Here are the time sequences for different food groups:

Water & Juices: 20-30 minutes

Fruits, Smoothies, Soups: 30-45 minutes

Vegetables: 30-45 minutes

Beans, Grains, Starches: 2-3 hours

Meat, Fish, Poultry: 3 or more hours

2. Drink warm or hot liquids with your meal.

Ice cold drinks can slow down the digestive process, think of it as putting ice on a muscle. The muscle stiffens and does not function as well. Warm or room temperature water, juice, or decaf tea will encourage proper digestion. (Just remember the traffic jam – drink liquids prior to meals)

3. Eat Thanksgiving dinner at a "regular" meal time.

All too often this dinner is outside of when we usually eat meals. It is important to be regular with what you eat and the times of day you eat. Eating similar food groups and at similar times each day has a regulating effect on your digestive system. Regular in means regular out.

4. Be conscious of what you eat and your portion sizes.

Over consumption is the number one cause of indigestion. Our brain signals the feeling of fullness about ten minutes after we're actually full. So stop eating before you are full. Odds are you'll feel full ten minutes later!

5. Chew your food completely and don't talk while eating.

Tell this tip to those dreaded in-laws who we all need to tolerate this time of year. Incomplete chewing and talking while eating can cause premature swallowing. Our digestive systems are not designed to digest large pieces of food, when we put large pieces in our stomachs it can lead to incomplete digestion (aka: digestive discomfort). Sometimes a silent family makes for a happy family!

6. Relax while eating your meal.

Eating when you are rushed increases your stress and slows down the digestive process. Create a nice calming atmosphere when eating and make sure you can devote time to eating. Don't worry, the apple pie will still be there after you finish eating!

7. Practice good posture.

When you slouch or hunch over extra pressure is put on the digestive organs in your abdomen. This extra pressure can cause poor digestion. You should practice sitting with your shoulders back and your chin tucked in. This will allow more room for the digestive organs and will help improve digestion.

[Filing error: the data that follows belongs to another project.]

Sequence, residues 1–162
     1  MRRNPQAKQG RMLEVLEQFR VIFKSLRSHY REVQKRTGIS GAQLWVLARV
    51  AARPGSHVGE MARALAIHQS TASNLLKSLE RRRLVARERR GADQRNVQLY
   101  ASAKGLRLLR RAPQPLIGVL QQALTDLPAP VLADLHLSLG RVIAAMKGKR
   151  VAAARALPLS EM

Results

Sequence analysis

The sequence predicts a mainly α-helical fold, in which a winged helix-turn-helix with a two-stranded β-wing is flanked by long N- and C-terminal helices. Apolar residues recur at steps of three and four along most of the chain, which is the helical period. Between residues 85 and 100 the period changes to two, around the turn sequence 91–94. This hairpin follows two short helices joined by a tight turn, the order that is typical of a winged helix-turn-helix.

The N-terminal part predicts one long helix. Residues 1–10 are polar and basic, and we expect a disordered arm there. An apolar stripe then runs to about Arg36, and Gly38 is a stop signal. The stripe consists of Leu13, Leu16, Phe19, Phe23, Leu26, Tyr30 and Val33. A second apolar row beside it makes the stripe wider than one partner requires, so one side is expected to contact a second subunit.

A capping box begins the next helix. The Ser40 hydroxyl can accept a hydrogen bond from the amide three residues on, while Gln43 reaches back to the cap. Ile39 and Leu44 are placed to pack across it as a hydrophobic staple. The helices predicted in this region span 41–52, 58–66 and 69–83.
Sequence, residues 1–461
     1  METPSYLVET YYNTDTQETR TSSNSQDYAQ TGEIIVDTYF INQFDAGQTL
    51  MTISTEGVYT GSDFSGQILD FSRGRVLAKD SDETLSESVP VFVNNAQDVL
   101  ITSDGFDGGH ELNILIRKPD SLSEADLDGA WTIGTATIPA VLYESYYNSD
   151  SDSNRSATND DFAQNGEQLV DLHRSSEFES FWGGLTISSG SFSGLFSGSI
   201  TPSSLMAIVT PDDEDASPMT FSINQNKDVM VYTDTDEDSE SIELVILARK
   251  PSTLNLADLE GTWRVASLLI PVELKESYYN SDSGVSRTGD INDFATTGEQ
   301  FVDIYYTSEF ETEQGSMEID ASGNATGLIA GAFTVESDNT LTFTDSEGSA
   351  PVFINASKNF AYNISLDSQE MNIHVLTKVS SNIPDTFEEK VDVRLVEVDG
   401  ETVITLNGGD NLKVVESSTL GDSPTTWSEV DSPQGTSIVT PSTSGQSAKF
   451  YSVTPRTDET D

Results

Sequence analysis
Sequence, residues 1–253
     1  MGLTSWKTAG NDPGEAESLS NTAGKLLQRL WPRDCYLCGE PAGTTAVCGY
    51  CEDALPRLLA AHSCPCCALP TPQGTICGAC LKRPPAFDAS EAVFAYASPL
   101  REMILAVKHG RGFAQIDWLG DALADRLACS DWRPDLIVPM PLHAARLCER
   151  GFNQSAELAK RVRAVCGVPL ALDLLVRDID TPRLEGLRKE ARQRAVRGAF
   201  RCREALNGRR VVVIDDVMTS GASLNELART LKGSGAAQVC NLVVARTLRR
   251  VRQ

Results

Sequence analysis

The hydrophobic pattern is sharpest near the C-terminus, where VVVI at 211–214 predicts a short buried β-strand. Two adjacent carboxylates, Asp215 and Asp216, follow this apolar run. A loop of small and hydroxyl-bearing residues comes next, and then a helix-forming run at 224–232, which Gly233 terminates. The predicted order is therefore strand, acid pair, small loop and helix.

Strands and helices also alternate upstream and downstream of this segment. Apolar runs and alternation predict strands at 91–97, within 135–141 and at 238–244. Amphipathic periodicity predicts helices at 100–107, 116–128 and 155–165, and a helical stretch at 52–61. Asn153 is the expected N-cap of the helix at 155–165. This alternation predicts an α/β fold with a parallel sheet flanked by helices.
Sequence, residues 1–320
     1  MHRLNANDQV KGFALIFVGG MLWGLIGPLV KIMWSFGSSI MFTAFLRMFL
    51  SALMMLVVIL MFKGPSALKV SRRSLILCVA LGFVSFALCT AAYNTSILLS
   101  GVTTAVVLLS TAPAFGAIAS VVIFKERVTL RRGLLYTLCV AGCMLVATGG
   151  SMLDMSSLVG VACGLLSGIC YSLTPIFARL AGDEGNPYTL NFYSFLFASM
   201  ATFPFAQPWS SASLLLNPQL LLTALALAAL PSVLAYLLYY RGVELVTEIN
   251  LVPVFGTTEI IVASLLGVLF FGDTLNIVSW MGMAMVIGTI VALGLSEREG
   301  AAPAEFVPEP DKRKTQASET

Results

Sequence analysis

8. Don't eat late at night.

Leftovers are a staple of Thanksgiving, right? You're better off saving them for the next day... not for a midnight snack. Our bodies, including our digestive system, slow down in the evening hours as it gets ready to rest and rejuvenate. When we put food into our stomachs at these late hours there are not enough digestive enzymes to properly digest it. This undigested food sits in your stomach and will often disturb your sleep.

9. Get involved in the post-meal backyard football game, or take a brisk walk after eating.

Forget about not be active for 30 minutes after each meal. Increased physical activity actually helps jump-start your digestive system and increases the production of digestive enzymes. This will lead to more complete digestion of your food and less digestive discomfort!

10. Try a spinal twist.

Talk about a real opportunity to bond as a family... Spinal twists allow excess toxins in the digestive system to be released, which has a calming effect. While in a cross legged sitting position, slowly turn to the right and hold while taking 5 deep breathes then repeat this process on the left side (singing "kumbaya" is strictly optional).

There you have it! Follow these tips and you'll feel so much healthier this year.

Better yet... Print a copy for each of your guests... they'll thank you for being so thoughtful!

Happy Holidays!

The Puristat Digestive Wellness Team

November 27, 2012 - 2:43pm

Excellent job and do not forget dental hygiene during the holiday season as well!

November 26, 2012 - 11:37am
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We value and respect our HERWriters' experiences, but everyone is different. Many of our writers are speaking from personal experience, and what's worked for them may not work for you. Their articles are not a substitute for medical advice, although we hope you can gain knowledge from their insight.